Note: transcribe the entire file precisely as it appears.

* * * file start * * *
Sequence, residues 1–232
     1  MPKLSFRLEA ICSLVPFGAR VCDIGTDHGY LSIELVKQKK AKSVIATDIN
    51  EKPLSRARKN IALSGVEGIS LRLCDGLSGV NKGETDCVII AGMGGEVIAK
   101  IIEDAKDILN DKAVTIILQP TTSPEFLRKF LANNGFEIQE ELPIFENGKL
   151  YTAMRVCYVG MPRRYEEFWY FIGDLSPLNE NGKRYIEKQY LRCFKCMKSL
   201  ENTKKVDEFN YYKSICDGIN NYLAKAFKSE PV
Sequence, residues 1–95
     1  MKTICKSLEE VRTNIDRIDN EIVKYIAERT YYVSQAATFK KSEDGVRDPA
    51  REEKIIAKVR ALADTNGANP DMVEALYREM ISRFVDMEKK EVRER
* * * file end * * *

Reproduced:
Sequence, residues 1–232
     1  MPKLSFRLEA ICSLVPFGAR VCDIGTDHGY LSIELVKQKK AKSVIATDIN
    51  EKPLSRARKN IALSGVEGIS LRLCDGLSGV NKGETDCVII AGMGGEVIAK
   101  IIEDAKDILN DKAVTIILQP TTSPEFLRKF LANNGFEIQE ELPIFENGKL
   151  YTAMRVCYVG MPRRYEEFWY FIGDLSPLNE NGKRYIEKQY LRCFKCMKSL
   201  ENTKKVDEFN YYKSICDGIN NYLAKAFKSE PV
Sequence, residues 1–95
     1  MKTICKSLEE VRTNIDRIDN EIVKYIAERT YYVSQAATFK KSEDGVRDPA
    51  REEKIIAKVR ALADTNGANP DMVEALYREM ISRFVDMEKK EVRER